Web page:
Mirant Corporation (“Mirant” or the “Company”) is an international merchant power producer that owned or controlled more than 21,800 megawatts of electric generating capacity in the United States, the Philippines and the Caribbean.
Mirant’s credit rating was downgraded by several rating agencies beginning in late 2001 following the Enron bankruptcy filing. Like many merchant power producers, Mirant had significant trading positions with third parties, including positions in electricity, natural gas and coal, which were backed by Mirant’s investment grade credit rating. Following the ratings downgrade, Mirant experienced substantial collateral requirements by trading counterparties which significantly reduced the Company’s liquidity. At the same time, Mirant faced lower power prices and higher natural gas prices, combining to put downward pressure on “spark spreads” and gross margins. These factors, combined with an impending maturity of more than $1.1 billion of debt, forced the Company to file for Chapter 11 protection in July 2003.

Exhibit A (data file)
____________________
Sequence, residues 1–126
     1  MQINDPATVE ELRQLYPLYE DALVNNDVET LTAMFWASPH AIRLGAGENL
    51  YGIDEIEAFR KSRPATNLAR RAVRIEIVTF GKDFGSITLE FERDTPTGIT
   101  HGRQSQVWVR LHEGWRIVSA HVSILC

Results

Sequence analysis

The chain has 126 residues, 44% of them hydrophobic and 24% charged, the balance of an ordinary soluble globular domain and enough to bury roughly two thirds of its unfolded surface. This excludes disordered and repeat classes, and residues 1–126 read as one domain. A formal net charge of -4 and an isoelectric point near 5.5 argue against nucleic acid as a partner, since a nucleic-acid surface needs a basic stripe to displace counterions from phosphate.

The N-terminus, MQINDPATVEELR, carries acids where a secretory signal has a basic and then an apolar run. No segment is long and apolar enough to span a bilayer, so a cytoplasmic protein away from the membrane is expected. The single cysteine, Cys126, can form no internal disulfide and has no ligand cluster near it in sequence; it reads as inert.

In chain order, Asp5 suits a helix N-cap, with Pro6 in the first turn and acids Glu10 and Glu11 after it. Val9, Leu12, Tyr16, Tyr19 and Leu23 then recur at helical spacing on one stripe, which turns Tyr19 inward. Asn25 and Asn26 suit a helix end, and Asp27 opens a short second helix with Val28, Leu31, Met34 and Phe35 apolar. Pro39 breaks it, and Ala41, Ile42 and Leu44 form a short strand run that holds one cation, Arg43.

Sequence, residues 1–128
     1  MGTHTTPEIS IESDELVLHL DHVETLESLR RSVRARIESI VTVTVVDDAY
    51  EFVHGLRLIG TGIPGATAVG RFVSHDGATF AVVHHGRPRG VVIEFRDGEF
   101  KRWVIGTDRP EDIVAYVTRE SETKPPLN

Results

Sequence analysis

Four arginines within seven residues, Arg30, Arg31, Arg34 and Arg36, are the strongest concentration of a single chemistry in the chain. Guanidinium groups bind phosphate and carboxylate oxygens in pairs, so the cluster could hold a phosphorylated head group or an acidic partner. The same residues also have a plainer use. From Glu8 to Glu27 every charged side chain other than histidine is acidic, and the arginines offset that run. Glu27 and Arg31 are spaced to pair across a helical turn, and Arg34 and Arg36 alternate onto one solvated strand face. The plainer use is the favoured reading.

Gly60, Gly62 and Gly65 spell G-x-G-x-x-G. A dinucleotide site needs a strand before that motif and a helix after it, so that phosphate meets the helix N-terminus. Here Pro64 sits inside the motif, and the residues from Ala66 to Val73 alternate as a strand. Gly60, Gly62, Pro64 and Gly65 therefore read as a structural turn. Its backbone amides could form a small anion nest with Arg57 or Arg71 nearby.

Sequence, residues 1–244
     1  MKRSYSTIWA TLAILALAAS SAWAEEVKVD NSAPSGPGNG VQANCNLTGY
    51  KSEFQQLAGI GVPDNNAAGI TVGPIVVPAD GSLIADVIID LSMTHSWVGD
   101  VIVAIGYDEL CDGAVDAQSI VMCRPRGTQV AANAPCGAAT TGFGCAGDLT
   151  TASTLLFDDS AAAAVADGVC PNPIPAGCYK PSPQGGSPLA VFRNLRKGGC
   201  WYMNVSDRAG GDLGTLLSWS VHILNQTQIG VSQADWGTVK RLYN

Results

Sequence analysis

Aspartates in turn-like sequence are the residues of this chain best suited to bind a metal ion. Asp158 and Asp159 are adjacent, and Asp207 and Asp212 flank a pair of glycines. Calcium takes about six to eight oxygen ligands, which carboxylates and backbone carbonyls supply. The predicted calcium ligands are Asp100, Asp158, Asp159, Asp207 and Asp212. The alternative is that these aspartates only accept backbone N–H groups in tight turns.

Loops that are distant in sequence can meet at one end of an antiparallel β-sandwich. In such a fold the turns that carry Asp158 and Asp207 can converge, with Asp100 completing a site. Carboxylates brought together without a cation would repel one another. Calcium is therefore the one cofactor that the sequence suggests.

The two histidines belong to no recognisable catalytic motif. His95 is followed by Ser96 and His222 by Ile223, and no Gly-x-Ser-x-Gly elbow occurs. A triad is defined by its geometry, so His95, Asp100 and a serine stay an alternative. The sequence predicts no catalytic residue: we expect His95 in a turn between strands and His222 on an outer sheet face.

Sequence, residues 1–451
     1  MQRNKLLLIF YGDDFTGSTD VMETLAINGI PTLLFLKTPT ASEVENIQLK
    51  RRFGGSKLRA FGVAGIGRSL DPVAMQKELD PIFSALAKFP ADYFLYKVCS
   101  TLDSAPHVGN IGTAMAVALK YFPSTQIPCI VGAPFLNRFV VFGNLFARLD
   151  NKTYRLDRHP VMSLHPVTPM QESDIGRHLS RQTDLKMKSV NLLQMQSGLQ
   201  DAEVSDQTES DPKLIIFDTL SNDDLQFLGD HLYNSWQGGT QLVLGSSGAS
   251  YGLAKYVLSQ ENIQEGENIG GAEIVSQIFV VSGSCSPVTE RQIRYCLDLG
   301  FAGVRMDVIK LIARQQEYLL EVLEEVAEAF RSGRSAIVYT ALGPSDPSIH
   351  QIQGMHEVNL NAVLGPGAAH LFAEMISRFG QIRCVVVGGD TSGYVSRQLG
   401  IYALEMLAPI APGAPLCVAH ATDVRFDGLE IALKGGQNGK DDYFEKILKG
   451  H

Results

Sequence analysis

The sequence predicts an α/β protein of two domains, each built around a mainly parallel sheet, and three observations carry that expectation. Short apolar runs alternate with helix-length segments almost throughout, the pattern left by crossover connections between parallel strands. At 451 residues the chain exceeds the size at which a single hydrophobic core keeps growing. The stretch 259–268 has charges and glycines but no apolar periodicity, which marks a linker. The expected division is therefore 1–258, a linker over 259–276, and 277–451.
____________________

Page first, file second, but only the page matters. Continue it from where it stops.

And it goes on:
Blackstone assisted management in the development of a detailed business plan and ten-year financial forecast. As part of this process, Blackstone evaluated and executed asset sales to maximize overall value. Blackstone also advised the Company on alternative capital structure scenarios as well as an overall restructuring plan. In addition, Blackstone acted as the key negotiator among all parties in interest, including various debt holders, creditors and shareholders, to structure and implement an overall plan of reorganization. Near the completion of the restructuring, Blackstone served as the Company’s expert witness in Bankruptcy Court to seek approval of a contested plan of reorganization. Finally, Blackstone assisted the Company in raising approximately $2.4 billion to fund operations while in and following Chapter 11.
Mirant successfully emerged from Chapter 11 protection in January 2006, and its stock now trades on the NYSE under the ticker symbol MIR.